# Permutation graph

In mathematics, a **permutation graph** is a graph whose vertices represent the elements of a permutation, and whose edges represent pairs of elements that are reversed by the permutation. Permutation graphs may also be defined geometrically, as the intersection graphs of line segments whose endpoints lie on two parallel lines. Different permutations may give rise to the same permutation graph; a given graph has a unique representation (up to permutation symmetry) if it is prime with respect to the modular decomposition.^{[1]}

## Definition and characterization

If σ = (σ_{1},σ_{2}, ..., σ_{n}) is any permutation of the numbers from 1 to *n*, then one may define a permutation graph from σ in which there are *n* vertices *v*_{1}, *v*_{2}, ..., *v*_{n}, and in which there is an edge *v*_{i}*v*_{j} for any two indices *i* and *j* for which *i* < *j* and σ_{i} > σ_{j}. That is, two indices *i* and *j* determine an edge in the permutation graph exactly when they determine an inversion in the permutation.

Given a permutation σ, one may also determine a set of line segments *s*_{i} with endpoints (*i*,0) and (σ_{i},1). The endpoints of these segments lie on the two parallel lines *y* = 0 and *y* = 1, and two segments have a non-empty intersection if and only if they correspond to an inversion in the permutation. Thus, the permutation graph of σ coincides with the intersection graph of the segments. For every two parallel lines, and every finite set of line segments with endpoints on both lines, the intersection graph of the segments is a permutation graph; in the case that the segment endpoints are all distinct, a permutation for which it is the permutation graph may be given by numbering the segments on one of the two lines in consecutive order, and reading off these numbers in the order that the segment endpoints appear on the other line.

Permutation graphs have several other equivalent characterizations:

- A graph
*G*is a permutation graph if and only if*G*is a circle graph that admits an*equator,*i.e., an additional chord that intersects every other chord.^{[2]} - A graph
*G*is a permutation graph if and only if both*G*and its complement are comparability graphs.^{[3]} - A graph
*G*is a permutation graph if and only if it is the comparability graph of a partially ordered set that has order dimension at most two.^{[4]} - If a graph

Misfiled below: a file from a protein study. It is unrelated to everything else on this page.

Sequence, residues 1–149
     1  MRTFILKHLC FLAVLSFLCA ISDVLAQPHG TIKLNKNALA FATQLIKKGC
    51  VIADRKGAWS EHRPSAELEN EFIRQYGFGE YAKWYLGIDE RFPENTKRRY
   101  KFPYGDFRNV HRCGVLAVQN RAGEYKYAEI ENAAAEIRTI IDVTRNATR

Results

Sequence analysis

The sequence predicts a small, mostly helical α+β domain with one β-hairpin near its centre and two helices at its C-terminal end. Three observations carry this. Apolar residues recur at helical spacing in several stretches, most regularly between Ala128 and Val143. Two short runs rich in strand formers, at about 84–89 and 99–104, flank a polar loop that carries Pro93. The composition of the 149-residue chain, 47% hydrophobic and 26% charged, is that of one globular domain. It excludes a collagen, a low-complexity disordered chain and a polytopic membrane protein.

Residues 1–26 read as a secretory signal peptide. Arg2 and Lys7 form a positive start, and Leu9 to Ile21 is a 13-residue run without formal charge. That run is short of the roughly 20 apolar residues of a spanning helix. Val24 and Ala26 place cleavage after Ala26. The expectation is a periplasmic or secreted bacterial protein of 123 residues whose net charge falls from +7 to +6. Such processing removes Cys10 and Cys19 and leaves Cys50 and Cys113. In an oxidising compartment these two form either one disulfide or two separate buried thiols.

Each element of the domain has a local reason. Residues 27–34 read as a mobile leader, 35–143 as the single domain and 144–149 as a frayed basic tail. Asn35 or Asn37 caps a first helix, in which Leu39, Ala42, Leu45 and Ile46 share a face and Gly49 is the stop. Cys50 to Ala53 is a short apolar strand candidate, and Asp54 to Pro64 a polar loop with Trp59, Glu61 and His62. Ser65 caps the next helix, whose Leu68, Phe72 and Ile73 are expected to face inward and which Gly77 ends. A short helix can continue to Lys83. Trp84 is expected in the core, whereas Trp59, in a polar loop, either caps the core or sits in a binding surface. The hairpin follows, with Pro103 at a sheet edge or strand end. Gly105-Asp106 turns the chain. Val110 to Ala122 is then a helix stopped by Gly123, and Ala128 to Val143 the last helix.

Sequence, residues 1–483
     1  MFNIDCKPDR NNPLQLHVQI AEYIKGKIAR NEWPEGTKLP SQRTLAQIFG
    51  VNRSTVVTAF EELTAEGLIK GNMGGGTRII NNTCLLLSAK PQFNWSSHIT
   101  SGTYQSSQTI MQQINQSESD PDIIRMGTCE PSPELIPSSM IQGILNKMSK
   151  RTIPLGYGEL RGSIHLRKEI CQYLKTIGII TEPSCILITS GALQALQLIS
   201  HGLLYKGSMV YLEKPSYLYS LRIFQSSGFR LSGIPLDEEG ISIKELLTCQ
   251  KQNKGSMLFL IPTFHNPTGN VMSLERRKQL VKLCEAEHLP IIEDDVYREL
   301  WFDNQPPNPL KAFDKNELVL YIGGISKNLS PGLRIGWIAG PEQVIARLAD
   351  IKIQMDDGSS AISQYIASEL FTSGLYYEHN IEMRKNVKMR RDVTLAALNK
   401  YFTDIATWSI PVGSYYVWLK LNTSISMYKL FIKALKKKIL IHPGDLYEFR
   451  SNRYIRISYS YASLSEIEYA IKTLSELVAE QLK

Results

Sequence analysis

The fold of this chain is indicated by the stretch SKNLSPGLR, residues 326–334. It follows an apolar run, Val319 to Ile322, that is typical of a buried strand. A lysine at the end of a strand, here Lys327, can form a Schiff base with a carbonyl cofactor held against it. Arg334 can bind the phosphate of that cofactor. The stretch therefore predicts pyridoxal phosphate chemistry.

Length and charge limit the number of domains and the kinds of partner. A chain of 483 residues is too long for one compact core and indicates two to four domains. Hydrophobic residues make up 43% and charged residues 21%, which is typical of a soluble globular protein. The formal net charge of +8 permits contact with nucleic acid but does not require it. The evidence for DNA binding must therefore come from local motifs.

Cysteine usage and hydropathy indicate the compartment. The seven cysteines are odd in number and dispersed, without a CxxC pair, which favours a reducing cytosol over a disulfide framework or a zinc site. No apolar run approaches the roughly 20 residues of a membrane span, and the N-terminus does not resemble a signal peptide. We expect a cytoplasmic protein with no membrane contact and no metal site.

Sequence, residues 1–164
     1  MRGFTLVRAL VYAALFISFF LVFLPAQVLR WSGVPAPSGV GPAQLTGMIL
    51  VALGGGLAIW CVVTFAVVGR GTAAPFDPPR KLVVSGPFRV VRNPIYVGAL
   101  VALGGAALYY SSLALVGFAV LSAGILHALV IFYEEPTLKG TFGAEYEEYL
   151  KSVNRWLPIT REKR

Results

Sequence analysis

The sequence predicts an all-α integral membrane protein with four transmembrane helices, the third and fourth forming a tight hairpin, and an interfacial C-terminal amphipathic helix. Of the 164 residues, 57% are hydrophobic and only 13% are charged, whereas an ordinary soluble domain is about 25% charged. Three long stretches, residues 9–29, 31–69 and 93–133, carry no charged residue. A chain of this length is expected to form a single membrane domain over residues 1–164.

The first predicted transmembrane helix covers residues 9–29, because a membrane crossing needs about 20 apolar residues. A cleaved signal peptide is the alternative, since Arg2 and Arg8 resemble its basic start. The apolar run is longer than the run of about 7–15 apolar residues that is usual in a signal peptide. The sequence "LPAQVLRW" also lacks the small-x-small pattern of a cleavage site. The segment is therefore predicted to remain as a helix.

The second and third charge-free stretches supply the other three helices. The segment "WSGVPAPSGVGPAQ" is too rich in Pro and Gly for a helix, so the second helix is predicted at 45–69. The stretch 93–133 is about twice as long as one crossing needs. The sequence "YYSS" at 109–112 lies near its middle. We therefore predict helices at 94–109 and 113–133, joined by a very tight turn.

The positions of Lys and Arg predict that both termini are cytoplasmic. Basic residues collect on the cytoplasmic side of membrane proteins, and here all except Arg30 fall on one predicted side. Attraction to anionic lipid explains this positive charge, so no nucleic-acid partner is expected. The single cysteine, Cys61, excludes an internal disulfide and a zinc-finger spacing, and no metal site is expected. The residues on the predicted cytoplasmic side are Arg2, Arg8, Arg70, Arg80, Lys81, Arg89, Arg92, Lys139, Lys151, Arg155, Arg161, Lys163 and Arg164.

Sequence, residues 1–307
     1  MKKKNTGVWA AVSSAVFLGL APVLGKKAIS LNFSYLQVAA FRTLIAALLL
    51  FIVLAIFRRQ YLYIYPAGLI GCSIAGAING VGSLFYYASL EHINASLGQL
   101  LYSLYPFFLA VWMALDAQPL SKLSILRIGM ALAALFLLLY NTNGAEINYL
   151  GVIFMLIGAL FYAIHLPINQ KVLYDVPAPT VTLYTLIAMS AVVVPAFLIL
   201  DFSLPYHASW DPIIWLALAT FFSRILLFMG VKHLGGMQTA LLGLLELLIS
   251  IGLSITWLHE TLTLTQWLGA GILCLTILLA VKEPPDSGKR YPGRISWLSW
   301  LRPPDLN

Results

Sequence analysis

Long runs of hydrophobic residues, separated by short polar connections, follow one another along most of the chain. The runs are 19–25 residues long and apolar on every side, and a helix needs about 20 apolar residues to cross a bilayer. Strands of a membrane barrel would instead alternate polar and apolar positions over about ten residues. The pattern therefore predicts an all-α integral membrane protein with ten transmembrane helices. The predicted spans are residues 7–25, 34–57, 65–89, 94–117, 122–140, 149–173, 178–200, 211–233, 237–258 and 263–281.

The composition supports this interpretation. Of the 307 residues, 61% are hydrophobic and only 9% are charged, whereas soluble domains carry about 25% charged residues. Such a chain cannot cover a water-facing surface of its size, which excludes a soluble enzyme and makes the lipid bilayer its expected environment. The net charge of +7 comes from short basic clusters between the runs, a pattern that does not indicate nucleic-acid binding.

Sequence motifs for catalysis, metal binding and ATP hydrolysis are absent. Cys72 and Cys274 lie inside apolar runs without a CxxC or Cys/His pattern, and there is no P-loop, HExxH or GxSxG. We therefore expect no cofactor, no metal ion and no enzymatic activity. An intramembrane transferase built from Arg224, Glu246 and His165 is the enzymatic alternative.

*G*is a permutation graph, so is its complement. A permutation that represents the complement of*G*may be obtained by reversing the permutation representing*G*.

## Efficient algorithms

It is possible to test whether a given graph is a permutation graph, and if so construct a permutation representing it, in linear time.^{[5]}

As a subclass of the perfect graphs, many problems that are NP-complete for arbitrary graphs may be solved efficiently for permutation graphs. For instance:

- the largest clique in a permutation graph corresponds to the longest decreasing subsequence in the permutation defining the graph, so the clique problem may be solved in polynomial time for permutation graphs by using a longest decreasing subsequence algorithm.
^{[6]}

- likewise, an increasing subsequence in a permutation corresponds to an independent set of the same size in the corresponding permutation graph.

- the treewidth and pathwidth of permutation graphs can be computed in polynomial time; these algorithms exploit the fact that the number of inclusion minimal vertex separators in a permutation graph is polynomial in the size of the graph.
^{[7]}

## Relation to other graph classes

Permutation graphs are a special case of circle graphs, comparability graphs, the complements of comparability graphs, and trapezoid graphs.

The subclasses of the permutation graphs include the bipartite permutation graphs and the cographs.

## Notes

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